Click on each page to enlarge view.
Thank you to Asana International Yoga Journal for publishing this 56th Yoga Inspirational.… read more...
I want to unfold.
Let no place in me hold itself closed,
for where I am closed
I am false.
–Rainer Maria Rilke
Fluid yoga, going to six years, continues remaking and each remaking is connected to another. Born in water, I am dragonfly, now rabbit. I shift to camel, fish, or embody an ever-watchful sphinx. Then I evolve once again, going back and yet forward at the same time to my child in his innocent, trusting repose. My evolving is your evolving: inward, backward, downward.
Your asana is my asana, my bending and shaping is your bending and shaping, your practice of eustress and release morphs into luminous savasana. Your savasana is my savasana, and mine is yours: a cloud, salty and damp.
YOUR LONGINGS ARE MY LONGINGS
This cloud, a safe home for witnesses and their truths, where every joy and sorrow bursts forth in prophetic rain. And as colors bend to make a rainbow, these witnesses bend into their longings. Your longings are my longings.
We breathe into sweet release, and the turning becomes a roadmap for traveling outward. The trail makes little sense; it leads down to the place where gravity rests. Tracking energy for centuries, the Tao notes that water flows to low places. My gravity is your gravity.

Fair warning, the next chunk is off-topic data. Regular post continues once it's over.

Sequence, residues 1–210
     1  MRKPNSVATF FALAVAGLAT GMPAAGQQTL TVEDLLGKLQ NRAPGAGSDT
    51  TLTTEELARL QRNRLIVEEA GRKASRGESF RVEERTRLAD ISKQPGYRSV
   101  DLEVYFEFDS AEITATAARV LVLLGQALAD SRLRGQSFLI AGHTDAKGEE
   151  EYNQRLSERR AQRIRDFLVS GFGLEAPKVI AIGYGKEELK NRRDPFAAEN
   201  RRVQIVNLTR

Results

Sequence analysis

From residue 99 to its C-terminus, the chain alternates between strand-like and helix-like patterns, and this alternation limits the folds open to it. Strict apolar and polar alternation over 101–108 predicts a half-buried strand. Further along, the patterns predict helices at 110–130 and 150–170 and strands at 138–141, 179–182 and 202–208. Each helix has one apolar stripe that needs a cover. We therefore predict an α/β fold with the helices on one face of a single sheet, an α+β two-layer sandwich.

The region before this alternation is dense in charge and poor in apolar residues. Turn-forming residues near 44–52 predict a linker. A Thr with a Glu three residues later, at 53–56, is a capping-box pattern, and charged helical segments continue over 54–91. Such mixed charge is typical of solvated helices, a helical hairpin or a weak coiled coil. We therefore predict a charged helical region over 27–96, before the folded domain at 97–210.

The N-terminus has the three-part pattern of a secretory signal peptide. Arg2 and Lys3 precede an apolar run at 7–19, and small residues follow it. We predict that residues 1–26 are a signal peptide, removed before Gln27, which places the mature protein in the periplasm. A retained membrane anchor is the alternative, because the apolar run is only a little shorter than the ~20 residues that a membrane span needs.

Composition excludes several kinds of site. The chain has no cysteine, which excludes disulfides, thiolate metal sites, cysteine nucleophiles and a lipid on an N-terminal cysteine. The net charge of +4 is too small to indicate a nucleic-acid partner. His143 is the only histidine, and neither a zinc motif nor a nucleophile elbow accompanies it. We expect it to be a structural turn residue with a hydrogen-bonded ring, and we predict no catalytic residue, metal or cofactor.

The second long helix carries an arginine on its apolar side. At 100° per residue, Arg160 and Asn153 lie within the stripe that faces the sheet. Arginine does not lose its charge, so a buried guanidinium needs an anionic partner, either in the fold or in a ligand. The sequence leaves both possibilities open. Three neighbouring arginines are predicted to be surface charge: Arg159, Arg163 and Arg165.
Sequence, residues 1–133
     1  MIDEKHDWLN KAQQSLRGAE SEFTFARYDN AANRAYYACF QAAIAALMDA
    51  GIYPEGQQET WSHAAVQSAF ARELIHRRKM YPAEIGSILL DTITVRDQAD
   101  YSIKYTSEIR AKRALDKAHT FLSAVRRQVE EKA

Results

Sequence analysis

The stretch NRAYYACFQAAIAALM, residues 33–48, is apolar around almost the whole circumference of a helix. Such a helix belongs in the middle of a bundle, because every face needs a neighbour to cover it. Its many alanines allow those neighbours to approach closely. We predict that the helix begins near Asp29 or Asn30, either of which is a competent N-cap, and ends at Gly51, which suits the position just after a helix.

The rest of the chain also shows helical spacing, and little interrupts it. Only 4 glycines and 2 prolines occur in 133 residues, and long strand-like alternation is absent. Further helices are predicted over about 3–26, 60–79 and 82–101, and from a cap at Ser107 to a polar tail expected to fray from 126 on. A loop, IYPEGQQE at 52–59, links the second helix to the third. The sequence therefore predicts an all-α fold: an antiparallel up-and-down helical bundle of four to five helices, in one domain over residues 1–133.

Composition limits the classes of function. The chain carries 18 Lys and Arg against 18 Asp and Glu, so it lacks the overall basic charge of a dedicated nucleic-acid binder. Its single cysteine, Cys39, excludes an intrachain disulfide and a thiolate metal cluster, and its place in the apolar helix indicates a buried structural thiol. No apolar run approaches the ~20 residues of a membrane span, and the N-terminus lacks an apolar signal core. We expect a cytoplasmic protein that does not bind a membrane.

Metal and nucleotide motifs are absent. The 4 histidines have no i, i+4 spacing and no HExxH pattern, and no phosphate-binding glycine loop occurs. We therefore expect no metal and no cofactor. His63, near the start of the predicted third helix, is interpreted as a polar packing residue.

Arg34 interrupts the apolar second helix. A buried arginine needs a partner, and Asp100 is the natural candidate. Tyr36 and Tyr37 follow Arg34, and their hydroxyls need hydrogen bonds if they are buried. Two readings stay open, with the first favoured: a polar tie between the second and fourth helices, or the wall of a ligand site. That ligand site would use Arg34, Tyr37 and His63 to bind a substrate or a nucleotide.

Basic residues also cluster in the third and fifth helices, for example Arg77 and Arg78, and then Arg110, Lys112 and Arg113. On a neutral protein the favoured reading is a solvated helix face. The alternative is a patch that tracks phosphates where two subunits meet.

My guru said the way out is the way in. Her wisdom comes from a bloodline far to the east, from a practice that bent and molded her matter-mind, from evidence etched into the soles of her feet. Tucked in like a child, she steps over the soles of my feet, and your East meets my West.… read more...
MUSIC from an Internet radio station plays in the background. Tablas and harmonium weave a soft melody. Sometimes a flute or sitar joins the song, and it pours over me like waves from the Pacific. It’s compelling to my ear. I try to concentrate on my pose, but sometimes I wander and follow the music.
I follow the sound, slow my heartbeat and ground my awareness. I’m still in class, but I imagine diving below and swimming deep. I listen closely and believe I hear the octopus changing colors. I open my eyes and breathe sound of the room.
In the tapas of my practice and its link to my muscle and sinew, a moment turns into a hour and my tribute to those who have gone before. An epic prayer from ancestors is on my lips.
Music stills me and I stay in the room until I hear my teacher give her blessing.. Her soft voice heaps a lavish blessing upon the gathered yogis which we accept and hold, “May your practice bring strength to your bodies, clarity to your minds, kindness and compassion to your hearts.”
I take this and know that I have been brought around and past my edges. I will go into the world with slightly less border and boundary, inhabiting a conscience of wider circles and deeper draws of inclusion
I realize this reshaping is the nexus of my identity, the ring of fire connecting my courage and passion. I have been showered in wholeness and connected by the strength, clarity, kindness, and compassion of the words that take me to the heart center.… read more...